Electoral Commission of Zambia (ECZ) chief electoral officer Patrick Nshindano says stakeholders should think about how delimitation of constituencies will improve service delivery instead of focussing on how much the country will spend on more members of parliament.
Last week, Mazabuka Central UPND member of parliament Gary Nkombo said plans to increase the number of constituencies from 156 to 235 was long overdue, but that the timing was wrong as the country was bleeding economically.
But in an interview, Wednesday, Nshindano said ECZ wanted to take electoral services closer to the people.
“Different stakeholders will have different recommendations. It is very important that the stakeholders understand what the delimitation process is all about. We are trying to take electoral services closer to the people. In that regard, if you are a voter, you are able to access the polling station and when you are there, the streams are sufficient to allow you to vote at the most convenient and quickest of time; you don’t want to be there and spend hours. But in most instances, that is not the case; some people will have to walk long distances just to cast their vote so that brings about voter apathy. People will not be able to exercise their constitutional right. So, as we are delimitating, one of the things is to cut down on that. But there also other areas where people are completely cut off because of other geographical features,” Nshindano explained.
“So, it is important that delimitation happens so that we take electoral services to those people. What you want is effective representation, and effective representation entails that electorates must have some way of interacting with their leaders and if you listen to most of the people, one of the cries is that they never see their members of parliament; because of the vastness of the constituencies, the MP is unable to be able to go to these areas or hear the challenges of the people. There are so many factors to delimitation beyond just the cost so if well managed, it will not only enhance democratic practices, but it will also enhance service delivery. But when you say, ‘no, this is going to lead to the number of MPs and allowances,’ you also need to look at it from the other perspective. What is it doing for the country in terms of service provision?”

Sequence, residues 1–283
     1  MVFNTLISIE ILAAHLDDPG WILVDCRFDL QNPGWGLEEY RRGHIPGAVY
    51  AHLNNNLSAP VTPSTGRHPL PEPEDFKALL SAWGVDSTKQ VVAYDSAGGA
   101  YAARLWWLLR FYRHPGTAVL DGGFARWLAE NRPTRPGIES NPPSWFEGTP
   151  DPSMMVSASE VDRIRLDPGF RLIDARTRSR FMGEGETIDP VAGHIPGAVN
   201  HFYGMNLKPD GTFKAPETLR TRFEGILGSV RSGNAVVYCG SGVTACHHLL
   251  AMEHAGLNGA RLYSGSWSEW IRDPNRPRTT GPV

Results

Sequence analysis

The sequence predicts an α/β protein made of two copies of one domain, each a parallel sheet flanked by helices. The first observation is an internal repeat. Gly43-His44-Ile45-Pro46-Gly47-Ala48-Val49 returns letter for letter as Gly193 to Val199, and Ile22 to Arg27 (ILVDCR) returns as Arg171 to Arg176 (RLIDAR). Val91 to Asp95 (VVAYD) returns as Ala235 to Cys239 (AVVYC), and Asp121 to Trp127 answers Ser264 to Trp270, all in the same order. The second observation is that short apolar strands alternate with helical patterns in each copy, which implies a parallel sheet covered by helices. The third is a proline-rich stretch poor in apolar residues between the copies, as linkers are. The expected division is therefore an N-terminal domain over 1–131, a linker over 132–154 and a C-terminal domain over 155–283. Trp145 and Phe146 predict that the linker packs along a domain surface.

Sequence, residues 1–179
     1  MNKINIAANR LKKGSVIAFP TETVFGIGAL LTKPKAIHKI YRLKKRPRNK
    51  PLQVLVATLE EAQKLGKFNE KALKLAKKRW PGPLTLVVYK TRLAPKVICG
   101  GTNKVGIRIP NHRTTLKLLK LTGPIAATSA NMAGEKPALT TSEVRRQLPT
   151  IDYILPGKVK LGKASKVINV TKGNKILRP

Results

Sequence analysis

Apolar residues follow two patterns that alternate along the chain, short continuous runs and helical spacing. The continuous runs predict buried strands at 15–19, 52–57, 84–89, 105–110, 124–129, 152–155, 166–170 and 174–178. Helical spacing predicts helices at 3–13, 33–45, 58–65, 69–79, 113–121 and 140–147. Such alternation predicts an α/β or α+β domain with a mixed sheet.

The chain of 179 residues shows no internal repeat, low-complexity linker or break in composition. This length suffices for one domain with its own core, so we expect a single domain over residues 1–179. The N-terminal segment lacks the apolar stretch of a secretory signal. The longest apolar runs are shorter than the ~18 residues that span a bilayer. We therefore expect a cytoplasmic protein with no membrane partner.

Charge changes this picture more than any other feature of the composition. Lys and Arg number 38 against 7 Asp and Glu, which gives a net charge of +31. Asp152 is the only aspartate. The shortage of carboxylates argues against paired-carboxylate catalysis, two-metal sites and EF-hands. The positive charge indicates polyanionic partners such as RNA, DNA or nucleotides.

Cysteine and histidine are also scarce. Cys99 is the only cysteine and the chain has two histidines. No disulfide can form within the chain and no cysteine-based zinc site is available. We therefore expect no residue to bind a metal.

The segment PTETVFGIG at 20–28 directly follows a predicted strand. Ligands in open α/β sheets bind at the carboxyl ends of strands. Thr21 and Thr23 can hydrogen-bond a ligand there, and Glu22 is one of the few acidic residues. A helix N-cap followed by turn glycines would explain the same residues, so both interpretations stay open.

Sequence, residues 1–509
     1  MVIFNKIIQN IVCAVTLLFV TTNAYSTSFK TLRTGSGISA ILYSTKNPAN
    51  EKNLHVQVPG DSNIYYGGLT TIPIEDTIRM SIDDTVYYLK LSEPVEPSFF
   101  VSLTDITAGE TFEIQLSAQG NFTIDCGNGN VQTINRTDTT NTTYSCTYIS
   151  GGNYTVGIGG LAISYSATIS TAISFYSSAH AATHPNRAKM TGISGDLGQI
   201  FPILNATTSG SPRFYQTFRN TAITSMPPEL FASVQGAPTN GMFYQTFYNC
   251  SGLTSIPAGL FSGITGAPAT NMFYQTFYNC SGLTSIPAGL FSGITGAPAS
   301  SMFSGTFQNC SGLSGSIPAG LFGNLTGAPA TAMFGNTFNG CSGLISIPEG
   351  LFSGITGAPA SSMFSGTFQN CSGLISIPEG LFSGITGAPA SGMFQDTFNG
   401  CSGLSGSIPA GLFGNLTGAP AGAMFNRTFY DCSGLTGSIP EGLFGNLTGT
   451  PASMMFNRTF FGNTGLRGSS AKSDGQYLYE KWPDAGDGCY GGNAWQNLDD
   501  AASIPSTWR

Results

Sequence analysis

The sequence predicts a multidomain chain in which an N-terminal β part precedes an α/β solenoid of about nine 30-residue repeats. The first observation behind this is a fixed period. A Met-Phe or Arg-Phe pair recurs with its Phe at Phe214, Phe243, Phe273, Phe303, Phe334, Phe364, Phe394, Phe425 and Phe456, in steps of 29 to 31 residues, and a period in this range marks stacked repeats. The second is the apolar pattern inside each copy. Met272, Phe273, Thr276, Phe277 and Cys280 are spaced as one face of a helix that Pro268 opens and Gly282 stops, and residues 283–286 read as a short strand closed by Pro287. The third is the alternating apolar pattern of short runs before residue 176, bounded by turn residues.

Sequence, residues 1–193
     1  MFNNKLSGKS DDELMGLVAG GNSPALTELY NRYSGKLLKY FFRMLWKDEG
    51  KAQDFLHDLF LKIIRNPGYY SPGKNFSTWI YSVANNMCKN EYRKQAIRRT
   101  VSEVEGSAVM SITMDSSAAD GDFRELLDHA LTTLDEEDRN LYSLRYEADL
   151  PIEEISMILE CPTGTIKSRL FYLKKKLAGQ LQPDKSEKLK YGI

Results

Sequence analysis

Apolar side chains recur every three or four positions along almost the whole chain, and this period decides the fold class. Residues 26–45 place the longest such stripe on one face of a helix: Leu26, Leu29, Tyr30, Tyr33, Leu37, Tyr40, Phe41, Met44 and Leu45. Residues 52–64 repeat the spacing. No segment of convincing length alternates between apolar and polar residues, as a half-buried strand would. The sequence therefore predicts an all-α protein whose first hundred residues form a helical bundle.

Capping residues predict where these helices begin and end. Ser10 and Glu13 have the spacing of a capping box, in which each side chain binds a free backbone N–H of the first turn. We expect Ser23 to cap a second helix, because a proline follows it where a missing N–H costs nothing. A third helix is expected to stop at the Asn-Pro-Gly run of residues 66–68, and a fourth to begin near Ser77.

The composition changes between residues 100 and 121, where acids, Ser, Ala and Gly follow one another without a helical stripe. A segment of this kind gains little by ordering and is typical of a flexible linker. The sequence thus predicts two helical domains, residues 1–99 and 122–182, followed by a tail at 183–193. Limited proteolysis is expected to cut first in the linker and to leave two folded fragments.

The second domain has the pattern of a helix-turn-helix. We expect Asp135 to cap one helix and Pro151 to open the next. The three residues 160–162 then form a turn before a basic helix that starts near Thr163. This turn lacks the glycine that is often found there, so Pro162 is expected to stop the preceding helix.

And Nshindano emphasized that the Commission had not yet come up with the number of constituencies that would arise from the delimitation exercise.
“The 235 is the number that was recommended in 2011 delimitation. But, of course, that was not approved because that process did not pass through. So, the number is yet to be determined. All parameters need to be considered when you are looking at delimitation and, of course, this is based on the recommendations by the people themselves. It’s not an exclusive process and they can go and debate. But then, it doesn’t end there because the Commission has to retreat and look at what the Constitution is saying and what are the parameters that we need to consider when delimitating a constituency. And we need to follow those parameters to the letter as enshrined in the Constitution and then come up with the numbers that are deserving for that particular district,” said Nshindano.